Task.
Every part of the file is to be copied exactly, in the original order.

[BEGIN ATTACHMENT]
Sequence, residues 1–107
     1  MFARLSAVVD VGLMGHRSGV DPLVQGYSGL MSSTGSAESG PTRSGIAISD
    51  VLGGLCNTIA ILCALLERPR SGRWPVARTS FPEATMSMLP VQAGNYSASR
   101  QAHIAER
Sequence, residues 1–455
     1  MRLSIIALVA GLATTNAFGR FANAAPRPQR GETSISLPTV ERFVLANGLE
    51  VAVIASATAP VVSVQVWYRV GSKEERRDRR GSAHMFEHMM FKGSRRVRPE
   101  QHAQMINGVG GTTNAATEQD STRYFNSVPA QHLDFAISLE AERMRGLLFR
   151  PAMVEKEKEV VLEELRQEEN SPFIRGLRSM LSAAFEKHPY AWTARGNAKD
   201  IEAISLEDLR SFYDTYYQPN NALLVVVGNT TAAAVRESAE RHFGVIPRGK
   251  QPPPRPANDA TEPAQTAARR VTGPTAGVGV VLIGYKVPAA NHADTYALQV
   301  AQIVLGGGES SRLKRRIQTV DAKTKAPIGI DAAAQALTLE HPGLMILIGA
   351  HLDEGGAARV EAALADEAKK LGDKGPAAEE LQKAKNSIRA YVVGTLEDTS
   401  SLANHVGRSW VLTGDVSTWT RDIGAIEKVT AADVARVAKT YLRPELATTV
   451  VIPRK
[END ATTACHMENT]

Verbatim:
Sequence, residues 1–107
     1  MFARLSAVVD VGLMGHRSGV DPLVQGYSGL MSSTGSAESG PTRSGIAISD
    51  VLGGLCNTIA ILCALLERPR SGRWPVARTS FPEATMSMLP VQAGNYSASR
   101  QAHIAER
Sequence, residues 1–455
     1  MRLSIIALVA GLATTNAFGR FANAAPRPQR GETSISLPTV ERFVLANGLE
    51  VAVIASATAP VVSVQVWYRV GSKEERRDRR GSAHMFEHMM FKGSRRVRPE
   101  QHAQMINGVG GTTNAATEQD STRYFNSVPA QHLDFAISLE AERMRGLLFR
   151  PAMVEKEKEV VLEELRQEEN SPFIRGLRSM LSAAFEKHPY AWTARGNAKD
   201  IEAISLEDLR SFYDTYYQPN NALLVVVGNT TAAAVRESAE RHFGVIPRGK
   251  QPPPRPANDA TEPAQTAARR VTGPTAGVGV VLIGYKVPAA NHADTYALQV
   301  AQIVLGGGES SRLKRRIQTV DAKTKAPIGI DAAAQALTLE HPGLMILIGA
   351  HLDEGGAARV EAALADEAKK LGDKGPAAEE LQKAKNSIRA YVVGTLEDTS
   401  SLANHVGRSW VLTGDVSTWT RDIGAIEKVT AADVARVAKT YLRPELATTV
   451  VIPRK